I’m learning a lot lately about joy.
That’s a good thing, especially seeing that the only way to learn most things is to experience them. I’m experiencing a lot of joy lately. But not all the same kinds.
I want to – in fact, I’m about to – use food as a fitting metaphor for joy. But I can’t do so without acknowledging that I’m not the first, since I’m stealing the idea straight out of the Bible, where bread is more than once used to stand for daily sustenance and provision. And because I can, I’m adding music as well. Music and food are my signs of joy.
I eat every day. I play music (almost) every day. And I think I should feel joy every day. And so should everyone, or at least every believer. I’m getting closer. I think we misunderstand joy a lot, especially when we confuse it with happiness. Happiness is an emotion, it’s one flavor of feeling – one kind of music or meal. It doesn’t last, because no emotion does, and it shouldn’t last, because any one kind of food or feeling or sound gets old, fast. Joy isn’t the same: it runs through every other kind of feeling. It isn’t one particular flavor – it’s the idea of flavor itself.
I’ve never been much of a cook, but I’ve found some wonderful joyful moments lately in preparing a good meal. It’s a time to reflect on the day ahead or behind, stay busy with something simple and entirely different from teaching work, and let the right album play while I work and maybe sing along. And at the end – there’s food. It’s a good deal.
But not every meal is the same, because it’s a different day when something new is appropriate. New foods and thoughts and sounds. Some recent days bring this into focus, perhaps. On Saturday morning, I was coming off a week when I taught several highly successful lessons, including several based on poetry readings, that went over extremely well. I had plans for the day and loads of energy and I tried, for the first time, making muffins from scratch. Necessity forced me to improvise and substitute freely, but tasting the batter told me they’d be fine. This was Saturday morning’s joy: Joe Satriani was playing, loudly, as I unstoppably romped about the kitchen and foyer. The muffins were perfect and delicious and amazing, and I almost burst with exuberance.
Tonight is different. Last night I had two very long conversations. One was with a good friend in the States, on Skype, until well after midnight, and the second was in the dark with God for another hour after that. There was a separate bowl of ice cream for each talk. Also there was joy – mirthful laughter and quiet assurance, and a few states in between.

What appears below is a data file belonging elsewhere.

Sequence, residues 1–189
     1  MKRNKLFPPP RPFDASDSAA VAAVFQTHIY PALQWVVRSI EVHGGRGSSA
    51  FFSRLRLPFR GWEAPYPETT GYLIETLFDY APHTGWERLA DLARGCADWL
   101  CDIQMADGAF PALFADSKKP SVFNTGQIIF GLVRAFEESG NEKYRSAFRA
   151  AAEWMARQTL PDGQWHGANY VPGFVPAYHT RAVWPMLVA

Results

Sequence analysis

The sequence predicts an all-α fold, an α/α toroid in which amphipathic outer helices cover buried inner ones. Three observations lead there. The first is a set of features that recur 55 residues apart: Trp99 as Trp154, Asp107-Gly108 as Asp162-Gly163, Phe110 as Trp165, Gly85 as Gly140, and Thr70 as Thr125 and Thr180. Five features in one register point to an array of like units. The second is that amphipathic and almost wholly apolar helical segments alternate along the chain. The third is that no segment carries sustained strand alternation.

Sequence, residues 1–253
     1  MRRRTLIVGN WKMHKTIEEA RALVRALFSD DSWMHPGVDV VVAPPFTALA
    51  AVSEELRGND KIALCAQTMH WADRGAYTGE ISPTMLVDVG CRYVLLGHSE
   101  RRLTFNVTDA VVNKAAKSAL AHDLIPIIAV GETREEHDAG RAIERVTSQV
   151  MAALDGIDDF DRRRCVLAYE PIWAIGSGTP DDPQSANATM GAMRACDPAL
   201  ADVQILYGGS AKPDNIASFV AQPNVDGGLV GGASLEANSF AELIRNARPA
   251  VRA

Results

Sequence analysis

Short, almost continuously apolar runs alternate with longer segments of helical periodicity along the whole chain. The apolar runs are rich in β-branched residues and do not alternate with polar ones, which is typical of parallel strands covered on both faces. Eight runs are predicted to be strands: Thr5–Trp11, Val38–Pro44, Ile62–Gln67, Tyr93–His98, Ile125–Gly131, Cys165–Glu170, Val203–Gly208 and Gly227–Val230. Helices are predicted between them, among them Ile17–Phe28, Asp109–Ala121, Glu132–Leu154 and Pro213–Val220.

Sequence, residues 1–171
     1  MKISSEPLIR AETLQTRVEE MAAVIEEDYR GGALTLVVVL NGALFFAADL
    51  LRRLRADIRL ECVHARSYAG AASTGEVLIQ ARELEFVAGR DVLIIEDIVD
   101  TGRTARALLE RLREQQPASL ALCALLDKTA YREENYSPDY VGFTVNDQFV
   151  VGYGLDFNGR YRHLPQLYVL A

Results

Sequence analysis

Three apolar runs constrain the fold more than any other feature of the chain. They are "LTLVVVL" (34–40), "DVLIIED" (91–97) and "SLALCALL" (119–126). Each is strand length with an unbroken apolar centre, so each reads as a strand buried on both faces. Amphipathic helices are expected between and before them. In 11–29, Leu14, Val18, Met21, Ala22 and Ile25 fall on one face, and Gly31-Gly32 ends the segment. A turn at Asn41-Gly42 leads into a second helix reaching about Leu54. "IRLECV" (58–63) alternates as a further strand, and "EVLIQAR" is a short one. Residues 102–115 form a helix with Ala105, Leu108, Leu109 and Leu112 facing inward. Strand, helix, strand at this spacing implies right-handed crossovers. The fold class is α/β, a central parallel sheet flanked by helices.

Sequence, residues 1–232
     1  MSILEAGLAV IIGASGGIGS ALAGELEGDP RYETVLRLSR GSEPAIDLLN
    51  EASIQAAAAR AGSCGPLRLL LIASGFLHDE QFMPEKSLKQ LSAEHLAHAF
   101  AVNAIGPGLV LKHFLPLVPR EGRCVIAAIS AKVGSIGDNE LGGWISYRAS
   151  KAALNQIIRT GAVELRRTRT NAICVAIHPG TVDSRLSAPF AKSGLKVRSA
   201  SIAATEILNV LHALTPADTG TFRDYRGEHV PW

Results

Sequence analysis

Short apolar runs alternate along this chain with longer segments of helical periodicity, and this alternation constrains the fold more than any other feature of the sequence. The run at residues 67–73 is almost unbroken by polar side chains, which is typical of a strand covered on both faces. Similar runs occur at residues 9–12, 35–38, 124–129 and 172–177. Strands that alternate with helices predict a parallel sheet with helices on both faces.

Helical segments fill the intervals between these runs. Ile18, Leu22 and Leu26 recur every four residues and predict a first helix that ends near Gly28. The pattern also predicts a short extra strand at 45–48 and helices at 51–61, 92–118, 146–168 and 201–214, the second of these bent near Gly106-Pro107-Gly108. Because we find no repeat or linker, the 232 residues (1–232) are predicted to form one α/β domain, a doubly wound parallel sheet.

Today I am thankful for forgotten holidays that still get me off school. I spent the day in writing and prayer and reading, and journaling at the bakery next door over excellent tarts, and was nearly silent all day. This was Monday evening’s joy: I brought the day toward a close with a simple meal, but one with many flavors and every food group. I prepared it to the sounds of a U2 album I love very sincerely. Not music to jump around to, but I couldn’t help smiling or sighing peacefully. This too was joy.
I wonder if any of this matters to my purpose in Russia – what does anybody here care what I eat? But maybe my joy is more meaningful than that. Russia is not, as a generalization, a very joyful place. Some of the excitement, all of the English, and most of the music and food I know are products of my personality and my culture, and those are good – but this joy comes from God, and is not limited by time or place or history. I come to give evidence of that joy, to point to its source, and invite others to make it part of their lives as it is of mine. Joy is meant to be shared: when my teammate and I have had guests, preparing and serving a good meal has been more fun by far than eating alone, and the times when others have tried to understand what I hear in music have been mutually rewarding. But sharing the joy of Christ is infinitely more valuable a gift: more wonderful to receive, more blessed to give.
I feel joy in my teaching: when students are racing each other to answer and to join activities while exercising imagination and using new language, I laugh and excitedly encourage them in their efforts with cries of delight. Lessons that leave them baffled or silent are still reminders of my growth and chances to exercise patience. There is joy when students thank me very sincerely for my work and attentions, as in my last post, and another joy for anything funny they say in class. Not everything has been easy, but I have found abundant joy in seeing as many kinds of days as possible to be worthy of joy. God is using it, I hope, to change others, but He is definitely drawing me nearer Him through His absurdly generous daily gift of joy. May He be glorified in me and in the world, as I and all people become more satisfied in His joy. And may good meals and great music and God’s Presence last through all my days.